Parrott Street fire has taken emotional toll
By Alison Rooney
As Halloween approaches, a certain wistfulness crosses the face of Melissa Santos. She and her family have always been one of the big Parrott Street draws on Halloween, with its “only for the daring” displays. But on May 18 the driveway held a different horror — it was covered with debris from a fire that destroyed the second floor and attic.
Five months later, their charred home, its upper windows boarded, still stands, providing some comfort to Santos, who sometimes sits in her backyard, where she can hear a nearby creek, grabbing a moment away from her hectic household: While they wait for the home to be torn down and rebuilt, she and her husband Darrin and three children, Darrin, Daniel and Mikayla, share a one-bedroom loft cottage a stone’s throw away.
“Staying organized is challenging, especially because there are days when I’m on the phone the entire day relating to the fire,” Santos says. While the family is grateful to their neighbors, Maria and Rob Leiter, who immediately moved them into the cottage next door to their own house, looking at her damaged home every day has taken a toll on Santos, especially because she says there is not yet a fixed timetable for demolition and reconstruction.
An environmental assessment was performed last week; if no asbestos is found, demolition can begin soon. Bill Bujarski, the Cold Spring building inspector, has pledged his assistance, telling Melissa, “as soon as you get your plans, send them to me — I want to get you into your home.”
Once everything is green-lighted, according to architect Jamie Copeland of Hudson Design, who volunteered his services, and pending confirmation of an initial determination that the foundation is solid, their new modular home can be built rapidly. Most of the building for modular homes is done off-site, and so even with winter weather, the on-site construction can take as little as a week.
“There wasn’t an area [of the house] that wasn’t damaged by smoke and water and infused with the smell of smoke,” says Copeland, who is a volunteer with the Garrison Volunteer Fire Company. “I’ve been a firefighter for 14 years and I can never get used to seeing a house burn. It’s very different than a commercial establishment, so personal and traumatic, and routines are upset, memories lost. Getting the family back in is important to do, and luckily we found a cross-section of people committed to just that idea.”
Santos urges everyone to examine their homeowner’s insurance policies carefully; she now understands much more about depreciation. The insurance adjuster goes “through every single thing,” values it, then depreciates. “It’s been frustrating having been a paying on time customer for 25 years and then having to wait so long for them to send us a check,” she says.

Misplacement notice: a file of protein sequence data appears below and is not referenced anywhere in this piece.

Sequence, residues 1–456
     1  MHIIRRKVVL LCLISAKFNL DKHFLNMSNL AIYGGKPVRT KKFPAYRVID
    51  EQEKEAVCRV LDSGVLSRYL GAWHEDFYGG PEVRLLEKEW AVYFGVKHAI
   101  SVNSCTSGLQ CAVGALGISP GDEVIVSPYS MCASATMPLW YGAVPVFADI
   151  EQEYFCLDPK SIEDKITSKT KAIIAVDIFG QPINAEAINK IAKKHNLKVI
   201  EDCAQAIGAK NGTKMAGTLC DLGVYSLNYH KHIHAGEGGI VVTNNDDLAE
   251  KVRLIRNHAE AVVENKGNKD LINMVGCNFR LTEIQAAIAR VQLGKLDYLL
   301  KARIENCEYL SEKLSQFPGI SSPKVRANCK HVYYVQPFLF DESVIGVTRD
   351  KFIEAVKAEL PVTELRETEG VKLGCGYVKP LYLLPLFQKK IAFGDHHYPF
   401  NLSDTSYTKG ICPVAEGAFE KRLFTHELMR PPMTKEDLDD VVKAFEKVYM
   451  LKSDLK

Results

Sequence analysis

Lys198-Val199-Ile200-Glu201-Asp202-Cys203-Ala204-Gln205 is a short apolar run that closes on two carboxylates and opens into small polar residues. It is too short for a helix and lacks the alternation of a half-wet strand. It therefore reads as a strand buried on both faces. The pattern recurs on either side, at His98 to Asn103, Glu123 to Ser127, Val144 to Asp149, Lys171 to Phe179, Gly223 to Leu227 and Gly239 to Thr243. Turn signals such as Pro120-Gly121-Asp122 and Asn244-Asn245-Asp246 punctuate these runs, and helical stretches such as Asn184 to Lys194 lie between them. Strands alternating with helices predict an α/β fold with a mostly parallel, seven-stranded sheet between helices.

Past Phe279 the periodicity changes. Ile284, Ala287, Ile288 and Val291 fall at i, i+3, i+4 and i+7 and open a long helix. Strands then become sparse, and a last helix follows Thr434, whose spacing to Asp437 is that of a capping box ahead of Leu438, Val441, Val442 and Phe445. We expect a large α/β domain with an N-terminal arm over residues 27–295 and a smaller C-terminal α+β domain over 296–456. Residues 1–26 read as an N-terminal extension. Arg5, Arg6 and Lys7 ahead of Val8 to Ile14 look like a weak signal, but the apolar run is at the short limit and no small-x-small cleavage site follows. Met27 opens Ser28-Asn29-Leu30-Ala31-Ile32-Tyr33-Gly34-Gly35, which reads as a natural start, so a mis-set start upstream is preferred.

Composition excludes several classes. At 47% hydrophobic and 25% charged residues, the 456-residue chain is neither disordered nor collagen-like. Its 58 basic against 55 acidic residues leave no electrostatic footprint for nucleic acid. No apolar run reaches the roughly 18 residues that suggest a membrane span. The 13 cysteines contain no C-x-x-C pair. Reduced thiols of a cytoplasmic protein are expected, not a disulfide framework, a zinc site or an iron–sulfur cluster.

Although everyone in the family, including their dog, Pancho, walked away from the fire unscathed, the family has been visited by other traumas, with Melissa having battled cancer for a number of years. (She describes her current situation as “not in remission, but under control.”) In addition, Darrin’s mother, Helen, was killed and his father, Miguel (Michael), badly injured in a 2014 collision in which the other driver was charged with vehicular manslaughter.
When asked what the family’s current needs were, Melissa Santos answered quickly, “Prayers.” Santos says she will forever be grateful to her friend Kristen Van Tassel, a volunteer firefighter, for having the presence of mind to go into the house after the fire was brought under control and remove framed photos, photo albums and other irreplaceable items.
The family received many clothing donations and gift cards. A Go Fund Me page, set up at the time of the fire, is still operational at gofundme.com. Alternatively, checks, made out to Melissa and Darrin Santos may be mailed to the family at 26 Bank St., Cold Spring. Good used, winter clothing would be appreciated: long-sleeved shirts and sweatpants in adult size mediums. (no sweatshirts please — they have an abundance, and the family would prefer to go shopping for winter coats.) Items can be dropped off at 26 Bank St.
Jamie Copeland sees the upside to all that the family has been through. “They’ll get through this,” he said. “Their family is intact and they’ve all weathered this together. They’ll move in and new memories will be created. Good will come out of it.”
When the family finally moves into their new home, Melissa Santos says she would like to throw a community thank-you block party. “Everything that everyone did, whether it was fighting the fire, comforting my daughter when she was crying, the big donation we got from the lacrosse team,” she says. “There were so many things — I’m worried about forgetting some of them — a smile, a hug a ‘How’re you doing?’, the church, the prayers, the food donations, we appreciate everything and everybody, for what they’ve done.” (One of her neighbors, Maria Ricapito, wrote a story about the community effort to assist the Santos that appears in the November issue of Real Simple.)
As for Halloween, the family plans to be on Parrott Street as usual, handing out candy, although they’re not sure if they’ll stand in front of their burned house or join friends and neighbors, the Leiters. But they’re not about to miss it and promise that next Halloween they will be back at their old spot with a new house, ready to scare everyone again.
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